U.S. Army medical researchers take part in World Malaria Day 2010, Kisumu, Kenya, April 25, 2010

A ‘dipstick’ test that detects Hepatitis B within 30 minutes – and could be used in some of the world’s poorest countries – has been given the green light for use in the European Union.

Our test is simple, quick, inexpensive and can survive very hot conditions for many months - all vital factors when you are working in poorer parts of the world.

Dr Helen Lee

Developed by Cambridge researcher Dr Helen Lee, the inexpensive test delivers accurate while-you-wait results and allows doctors to take immediate action - circumventing the need to send samples away for laboratory analysis.

With around 400 million people worldwide estimated to carry the disease, the Hepatitis B Rapid Test could revolutionise detection of the condition in poorer countries.

Dr Helen Lee from Diagnostics for the Real World (DRW), who led the development of the test said: "Our test is simple, quick, inexpensive and can survive very hot conditions for many months - all vital factors when you are working in poorer parts of the world".

Dr Lee, who works at the University's Diagnostics Development Unit, set up DRW in 2002. The group has already launched a rapid test for Chlamydia that is currently sold within the EU and many other countries around the world. Other tests in the pipeline include rapid tests for the detection of HIV and influenza.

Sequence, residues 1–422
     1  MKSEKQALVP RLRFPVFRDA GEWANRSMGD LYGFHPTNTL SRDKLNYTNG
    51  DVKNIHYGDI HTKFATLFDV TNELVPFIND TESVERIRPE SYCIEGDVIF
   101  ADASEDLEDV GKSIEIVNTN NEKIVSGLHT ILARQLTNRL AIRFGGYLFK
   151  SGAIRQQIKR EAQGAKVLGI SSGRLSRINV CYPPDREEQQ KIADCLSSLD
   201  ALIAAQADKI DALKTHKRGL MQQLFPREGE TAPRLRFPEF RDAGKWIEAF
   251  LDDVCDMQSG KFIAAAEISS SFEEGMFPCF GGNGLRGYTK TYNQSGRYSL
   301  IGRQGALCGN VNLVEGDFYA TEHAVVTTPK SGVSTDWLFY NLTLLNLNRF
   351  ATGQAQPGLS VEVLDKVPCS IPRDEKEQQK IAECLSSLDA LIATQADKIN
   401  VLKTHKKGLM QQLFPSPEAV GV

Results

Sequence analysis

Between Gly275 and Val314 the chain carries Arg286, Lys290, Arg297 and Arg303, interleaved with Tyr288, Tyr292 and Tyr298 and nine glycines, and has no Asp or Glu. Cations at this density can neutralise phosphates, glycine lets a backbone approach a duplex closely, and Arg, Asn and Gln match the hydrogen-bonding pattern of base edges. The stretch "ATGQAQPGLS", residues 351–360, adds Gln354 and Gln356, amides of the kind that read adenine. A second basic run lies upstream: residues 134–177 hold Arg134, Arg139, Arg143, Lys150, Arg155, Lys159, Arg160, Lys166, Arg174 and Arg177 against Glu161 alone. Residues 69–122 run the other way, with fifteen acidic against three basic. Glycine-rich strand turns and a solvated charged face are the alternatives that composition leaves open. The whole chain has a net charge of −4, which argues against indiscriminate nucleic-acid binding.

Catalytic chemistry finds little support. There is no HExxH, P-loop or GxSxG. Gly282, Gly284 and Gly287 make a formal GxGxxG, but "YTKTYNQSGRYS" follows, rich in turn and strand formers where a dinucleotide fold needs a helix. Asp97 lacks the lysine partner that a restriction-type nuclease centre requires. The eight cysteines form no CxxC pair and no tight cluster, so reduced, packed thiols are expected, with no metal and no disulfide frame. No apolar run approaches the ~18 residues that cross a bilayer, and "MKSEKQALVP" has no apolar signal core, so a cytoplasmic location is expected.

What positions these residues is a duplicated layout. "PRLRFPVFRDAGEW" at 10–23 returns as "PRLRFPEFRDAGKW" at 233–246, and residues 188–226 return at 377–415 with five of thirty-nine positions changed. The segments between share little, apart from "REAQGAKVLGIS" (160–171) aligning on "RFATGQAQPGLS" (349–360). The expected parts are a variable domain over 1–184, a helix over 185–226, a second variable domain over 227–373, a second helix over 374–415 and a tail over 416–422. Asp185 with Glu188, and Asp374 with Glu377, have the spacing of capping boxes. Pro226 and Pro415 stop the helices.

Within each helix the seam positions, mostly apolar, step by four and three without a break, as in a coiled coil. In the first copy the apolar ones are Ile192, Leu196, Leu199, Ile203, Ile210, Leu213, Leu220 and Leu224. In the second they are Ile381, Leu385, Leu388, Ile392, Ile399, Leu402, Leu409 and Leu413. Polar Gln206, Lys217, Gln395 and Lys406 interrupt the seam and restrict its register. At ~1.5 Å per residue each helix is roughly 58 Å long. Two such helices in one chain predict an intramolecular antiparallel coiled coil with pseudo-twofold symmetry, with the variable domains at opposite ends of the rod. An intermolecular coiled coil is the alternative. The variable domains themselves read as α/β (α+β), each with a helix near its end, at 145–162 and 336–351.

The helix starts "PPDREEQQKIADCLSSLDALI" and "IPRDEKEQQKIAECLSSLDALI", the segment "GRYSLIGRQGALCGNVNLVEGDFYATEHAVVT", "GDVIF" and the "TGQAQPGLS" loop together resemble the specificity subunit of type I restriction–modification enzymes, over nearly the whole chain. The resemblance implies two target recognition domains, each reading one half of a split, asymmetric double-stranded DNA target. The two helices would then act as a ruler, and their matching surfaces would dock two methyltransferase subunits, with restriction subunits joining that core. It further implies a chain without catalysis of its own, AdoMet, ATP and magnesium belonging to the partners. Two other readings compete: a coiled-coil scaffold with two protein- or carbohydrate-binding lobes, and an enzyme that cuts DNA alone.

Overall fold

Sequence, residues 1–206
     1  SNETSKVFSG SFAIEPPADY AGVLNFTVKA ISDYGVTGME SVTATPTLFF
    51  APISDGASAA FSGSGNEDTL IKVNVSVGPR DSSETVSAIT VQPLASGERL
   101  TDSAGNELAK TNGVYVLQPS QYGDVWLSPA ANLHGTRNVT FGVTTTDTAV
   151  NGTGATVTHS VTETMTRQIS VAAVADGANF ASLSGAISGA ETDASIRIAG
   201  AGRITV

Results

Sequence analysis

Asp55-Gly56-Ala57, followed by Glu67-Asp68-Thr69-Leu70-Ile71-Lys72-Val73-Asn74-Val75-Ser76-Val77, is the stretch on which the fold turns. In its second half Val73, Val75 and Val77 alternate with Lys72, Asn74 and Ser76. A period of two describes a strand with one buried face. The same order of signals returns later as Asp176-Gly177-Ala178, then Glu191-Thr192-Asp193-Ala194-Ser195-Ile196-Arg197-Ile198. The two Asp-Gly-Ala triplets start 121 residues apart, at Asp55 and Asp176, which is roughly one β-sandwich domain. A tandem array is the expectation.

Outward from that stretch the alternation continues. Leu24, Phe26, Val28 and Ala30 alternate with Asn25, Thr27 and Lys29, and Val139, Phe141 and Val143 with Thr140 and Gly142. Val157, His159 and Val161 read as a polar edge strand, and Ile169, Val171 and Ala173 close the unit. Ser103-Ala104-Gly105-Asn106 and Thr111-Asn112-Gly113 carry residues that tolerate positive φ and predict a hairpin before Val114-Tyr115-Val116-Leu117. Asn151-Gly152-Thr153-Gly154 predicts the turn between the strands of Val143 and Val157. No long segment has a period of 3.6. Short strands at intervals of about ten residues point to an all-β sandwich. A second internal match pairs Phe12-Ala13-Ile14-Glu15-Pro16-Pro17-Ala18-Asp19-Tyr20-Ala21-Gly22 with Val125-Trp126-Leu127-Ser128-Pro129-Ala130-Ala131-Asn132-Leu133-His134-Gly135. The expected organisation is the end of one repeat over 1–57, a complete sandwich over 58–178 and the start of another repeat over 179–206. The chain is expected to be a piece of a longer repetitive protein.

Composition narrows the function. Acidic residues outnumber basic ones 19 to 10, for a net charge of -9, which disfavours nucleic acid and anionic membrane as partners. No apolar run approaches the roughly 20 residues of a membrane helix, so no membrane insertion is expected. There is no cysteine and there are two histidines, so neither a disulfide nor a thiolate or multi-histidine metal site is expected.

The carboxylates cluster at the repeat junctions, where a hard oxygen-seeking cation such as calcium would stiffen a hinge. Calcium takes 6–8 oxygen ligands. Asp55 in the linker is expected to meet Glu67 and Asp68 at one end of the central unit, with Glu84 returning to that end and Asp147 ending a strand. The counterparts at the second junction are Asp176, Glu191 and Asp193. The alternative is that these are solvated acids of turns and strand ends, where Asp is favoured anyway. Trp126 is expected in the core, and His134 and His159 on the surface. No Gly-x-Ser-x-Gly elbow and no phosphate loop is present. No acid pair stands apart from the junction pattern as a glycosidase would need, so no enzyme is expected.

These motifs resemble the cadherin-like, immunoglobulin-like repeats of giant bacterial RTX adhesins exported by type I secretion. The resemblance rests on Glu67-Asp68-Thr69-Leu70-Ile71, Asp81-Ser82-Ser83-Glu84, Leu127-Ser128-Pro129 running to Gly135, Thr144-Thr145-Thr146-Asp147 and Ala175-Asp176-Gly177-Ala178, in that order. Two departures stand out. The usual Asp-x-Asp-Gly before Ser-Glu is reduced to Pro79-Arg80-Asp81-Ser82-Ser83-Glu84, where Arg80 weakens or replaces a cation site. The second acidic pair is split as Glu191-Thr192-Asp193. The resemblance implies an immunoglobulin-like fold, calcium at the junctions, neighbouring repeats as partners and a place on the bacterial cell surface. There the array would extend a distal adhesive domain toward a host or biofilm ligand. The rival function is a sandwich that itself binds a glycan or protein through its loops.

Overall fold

Hepatitis B virus (HBV) is highly infectious and is endemic in many parts of the world. In the UK alone, one in 1,000 people are infected and in China and Africa as many as one in six people carry the virus.

Spread through contact with infected blood or other body fluids, including sexual contact, infection rarely kills but can cause serious health problems and places enormous strain on healthcare resources.

Compared with existing diagnostics, which involve sending patient samples away to laboratories for analysis by skilled technicians using expensive machinery, the new Hepatitis B Rapid Test, developed with funding from the Wellcome Trust, uses a dipstick technology to deliver an accurate diagnosis on-site within half an hour and can be used with minimal training.

According to Professor Baruch S. Blumberg, who was awarded the Nobel Prize for Medicine in 1976 for the discovery of the Hepatitis B virus and the invention of the HBV vaccine said: "Approval of the new Hepatitis B Rapid Test is positive news for the estimated 400 million HBV carriers worldwide."

"HBV infection and the diseases related to it are solvable problems. The Hepatitis B Rapid Test developed by Diagnostics for the Real World can make a significant contribution to the solution."

The University of Cambridge's Diagnostics Development Unit (DDU) was established a decade ago by a group of industry scientists who worked at a multinational diagnostic company. Its aim is to develop innovative tests that are rapid, simple, cost-effective and more sensitive than currently available rapid tests.

This new generation of point-of-care tests is intended to detect infectious agents that cause serious health problems in resource-limited settings, particularly in developing countries.

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